SNAP!

At a first glance the headline photograph looks picturesque with the ‘MV Isle of Mull’ alongside the pier at Tiree and the moon was already high in the deep blue sky. However, a closer look at the photograph reveals that all is not as it appears.

The MV Lord of the Isles departing Tiree

What a start to the year it has been with one ferry cancellation after ferry cancellation. For CalMac it is must feell like an  ‘annus horribilis’ (Latin for horrible year). There have been problems with the ageing fleet, forced extended annual maintenance schedules, and stormy weather that has brought high winds and swell conditions.

LOTI passing the new yellow buoy

The series of interruptions to the advertised sailings to Tiree continues. The ‘MV Lord of the Isles’ required attention that took it out service on Saturday, Sunday and Monday and the intention was for the ‘MV Isle of Mull’ to cover sailings on Saturday and Sunday’. Sunday’s sailing was cancelled due to the sea conditions. There was no vessel to cover the route on the Monday and Tuesday’s advertised sailing was also cancelled due to the weather and related sea conditions.

The view across Scarinish Harbour

For normal there is not a sailing to Coll and Tiree in the winter, but today due to the spate of cancellations two sailings were organised. The first let Oban at 7:00am and visited the Isle of Coll en route to Tiree. So far so good! However, an alert was issued for the second sailing due to leave Oban at 12:30. This was due to crew availability following Covid protocol.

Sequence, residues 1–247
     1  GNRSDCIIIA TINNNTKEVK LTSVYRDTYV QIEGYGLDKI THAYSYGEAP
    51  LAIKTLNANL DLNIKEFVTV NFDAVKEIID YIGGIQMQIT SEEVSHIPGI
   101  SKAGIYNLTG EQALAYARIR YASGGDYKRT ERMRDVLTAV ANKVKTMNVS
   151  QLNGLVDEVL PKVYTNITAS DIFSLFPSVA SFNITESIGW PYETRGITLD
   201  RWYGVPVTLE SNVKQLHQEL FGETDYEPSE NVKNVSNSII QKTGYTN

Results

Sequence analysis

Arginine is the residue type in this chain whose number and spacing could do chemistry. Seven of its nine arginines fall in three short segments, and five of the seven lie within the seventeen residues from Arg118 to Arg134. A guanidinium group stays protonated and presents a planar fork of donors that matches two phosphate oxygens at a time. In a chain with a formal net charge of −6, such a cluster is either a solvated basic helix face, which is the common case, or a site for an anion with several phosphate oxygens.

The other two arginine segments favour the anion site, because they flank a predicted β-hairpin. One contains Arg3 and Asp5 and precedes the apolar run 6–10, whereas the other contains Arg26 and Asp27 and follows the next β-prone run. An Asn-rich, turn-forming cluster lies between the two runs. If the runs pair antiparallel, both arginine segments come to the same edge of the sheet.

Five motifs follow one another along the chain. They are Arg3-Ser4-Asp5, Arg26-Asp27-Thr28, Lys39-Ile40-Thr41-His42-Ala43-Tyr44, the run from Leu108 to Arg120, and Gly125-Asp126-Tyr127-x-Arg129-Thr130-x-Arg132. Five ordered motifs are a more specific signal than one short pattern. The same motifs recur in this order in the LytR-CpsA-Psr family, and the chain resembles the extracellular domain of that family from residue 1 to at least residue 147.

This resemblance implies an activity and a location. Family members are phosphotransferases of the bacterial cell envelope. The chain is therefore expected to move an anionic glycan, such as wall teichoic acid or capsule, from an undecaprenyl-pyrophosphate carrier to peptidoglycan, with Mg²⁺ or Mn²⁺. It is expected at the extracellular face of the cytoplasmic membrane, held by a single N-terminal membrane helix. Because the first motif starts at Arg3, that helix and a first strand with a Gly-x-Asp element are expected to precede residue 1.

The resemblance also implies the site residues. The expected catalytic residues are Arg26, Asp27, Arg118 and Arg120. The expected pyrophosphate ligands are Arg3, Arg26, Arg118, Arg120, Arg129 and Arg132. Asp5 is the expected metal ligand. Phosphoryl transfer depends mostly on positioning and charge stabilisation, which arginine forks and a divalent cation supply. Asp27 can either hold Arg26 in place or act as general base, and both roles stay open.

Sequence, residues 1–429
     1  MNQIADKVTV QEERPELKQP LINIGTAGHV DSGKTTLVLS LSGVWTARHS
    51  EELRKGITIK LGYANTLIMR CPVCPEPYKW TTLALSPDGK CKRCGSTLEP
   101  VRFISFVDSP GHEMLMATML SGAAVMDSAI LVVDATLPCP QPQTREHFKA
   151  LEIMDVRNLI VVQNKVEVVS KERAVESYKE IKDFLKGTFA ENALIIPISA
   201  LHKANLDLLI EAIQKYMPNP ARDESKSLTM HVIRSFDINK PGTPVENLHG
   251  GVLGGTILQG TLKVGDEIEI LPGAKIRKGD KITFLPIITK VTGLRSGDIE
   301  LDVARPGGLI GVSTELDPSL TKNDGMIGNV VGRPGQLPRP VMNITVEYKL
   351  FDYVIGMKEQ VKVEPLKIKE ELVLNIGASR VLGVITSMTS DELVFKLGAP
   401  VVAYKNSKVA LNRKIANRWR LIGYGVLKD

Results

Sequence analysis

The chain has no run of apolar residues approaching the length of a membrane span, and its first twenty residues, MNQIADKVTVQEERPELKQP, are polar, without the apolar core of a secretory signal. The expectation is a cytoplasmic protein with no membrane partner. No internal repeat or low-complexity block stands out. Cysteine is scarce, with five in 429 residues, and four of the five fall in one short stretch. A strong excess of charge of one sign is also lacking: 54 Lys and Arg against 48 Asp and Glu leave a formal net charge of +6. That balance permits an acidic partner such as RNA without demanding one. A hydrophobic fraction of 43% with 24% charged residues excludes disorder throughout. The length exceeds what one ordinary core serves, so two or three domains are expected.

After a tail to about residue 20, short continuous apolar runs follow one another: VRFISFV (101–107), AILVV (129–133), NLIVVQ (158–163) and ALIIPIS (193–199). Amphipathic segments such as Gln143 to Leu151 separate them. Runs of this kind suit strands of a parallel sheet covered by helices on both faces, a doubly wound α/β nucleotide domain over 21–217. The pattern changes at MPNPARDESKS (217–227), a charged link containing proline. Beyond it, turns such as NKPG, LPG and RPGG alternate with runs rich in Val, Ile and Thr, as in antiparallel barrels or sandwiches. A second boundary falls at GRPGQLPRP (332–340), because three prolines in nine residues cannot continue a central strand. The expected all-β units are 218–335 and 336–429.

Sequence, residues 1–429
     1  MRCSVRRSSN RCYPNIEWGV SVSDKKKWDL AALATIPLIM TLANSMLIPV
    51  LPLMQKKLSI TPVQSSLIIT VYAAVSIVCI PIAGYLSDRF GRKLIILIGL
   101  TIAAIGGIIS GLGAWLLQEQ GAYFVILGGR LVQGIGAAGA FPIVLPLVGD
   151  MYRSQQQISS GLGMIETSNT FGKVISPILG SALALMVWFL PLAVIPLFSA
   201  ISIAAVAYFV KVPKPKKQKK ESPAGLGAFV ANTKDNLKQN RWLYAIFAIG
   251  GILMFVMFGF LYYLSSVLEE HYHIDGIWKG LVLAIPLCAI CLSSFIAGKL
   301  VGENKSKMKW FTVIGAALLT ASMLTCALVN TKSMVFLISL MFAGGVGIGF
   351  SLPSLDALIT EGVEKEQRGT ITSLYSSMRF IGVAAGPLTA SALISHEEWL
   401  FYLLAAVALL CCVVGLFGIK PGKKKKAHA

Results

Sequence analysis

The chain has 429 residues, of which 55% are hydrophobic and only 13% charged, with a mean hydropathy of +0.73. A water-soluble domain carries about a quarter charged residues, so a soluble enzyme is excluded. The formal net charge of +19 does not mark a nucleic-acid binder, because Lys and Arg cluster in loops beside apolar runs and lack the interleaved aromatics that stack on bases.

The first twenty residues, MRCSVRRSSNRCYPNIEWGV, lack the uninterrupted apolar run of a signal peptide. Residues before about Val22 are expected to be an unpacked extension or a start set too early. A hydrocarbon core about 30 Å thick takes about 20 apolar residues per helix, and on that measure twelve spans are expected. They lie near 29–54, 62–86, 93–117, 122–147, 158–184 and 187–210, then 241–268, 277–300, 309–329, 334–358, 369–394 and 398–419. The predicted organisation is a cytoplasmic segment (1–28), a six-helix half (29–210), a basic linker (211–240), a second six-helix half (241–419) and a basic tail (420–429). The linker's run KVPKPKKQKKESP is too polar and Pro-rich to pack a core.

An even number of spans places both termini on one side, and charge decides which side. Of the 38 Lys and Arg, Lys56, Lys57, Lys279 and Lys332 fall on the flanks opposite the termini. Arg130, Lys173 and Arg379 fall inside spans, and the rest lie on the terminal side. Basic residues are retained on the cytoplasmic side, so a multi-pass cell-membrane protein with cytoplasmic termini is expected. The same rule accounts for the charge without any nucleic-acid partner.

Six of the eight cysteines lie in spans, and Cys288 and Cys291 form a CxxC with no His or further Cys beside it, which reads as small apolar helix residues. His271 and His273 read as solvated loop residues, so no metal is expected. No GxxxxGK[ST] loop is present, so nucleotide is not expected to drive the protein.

The “Mull” berthing stern first

Thankfully a replacement crew member was found and the ‘MV Isle of Mull’ departed Oban late at 13:20 sailing directly to Tiree. The ETA for her arrival was given as 17:30 – she in fact berthed at 16:55.

All is not as calm as it first appears

As stated the sky was a deep blue and the moon was already high in the sky. Nevertheless the skipper announced that all was not peaceful due to swell conditions. With the bow ropes secured and the stern ropes thrown and caught the vessel could be seen to rock and roll. It was some time before the “Mull’s” high stern ramp was lowered.

The “Mull’s” high stern
First off!

The traffic for Tiree rolled off and up the link-span and then the foot passengers came off the ramp and those bound for Oban boarded via the ramp. As the vehicles rolled on the swell was evident. Every so often loading was halted to wait for a more stable time.

The bridge closely monitoring everything

The “Mull” normally berths stern first in Oban and this was perhaps the reason that lorries were obliged to reverse on. For a long articulated lorry this is not at easy and requires the lorry to drive onto the old pier.

Manoeuvring

As the final articulated lorry was manoeuvring in order to reverse down the ramp one of the stern ropes snapped with a loud crack.

Snapped

Under such circumstances there is no hanging around. The stern ramp was immediately raised and the remaining ropes released under the direction of the bridge.

The (blue) stern rope snapped and the ramp is raised

As the ferry headed out to sea is was a beautiful sight and it was hard to believe that only minutes before a rope had snapped. Already Thursday’s sailing has been cancelled with the reason given as ‘weather’.

With the vessel rolling in the swell the remaining ropes are released

‘This is ‘Life On Tiree’.

The ‘MULL” departs the bay
The ‘MULL” out in the Passage of Tiree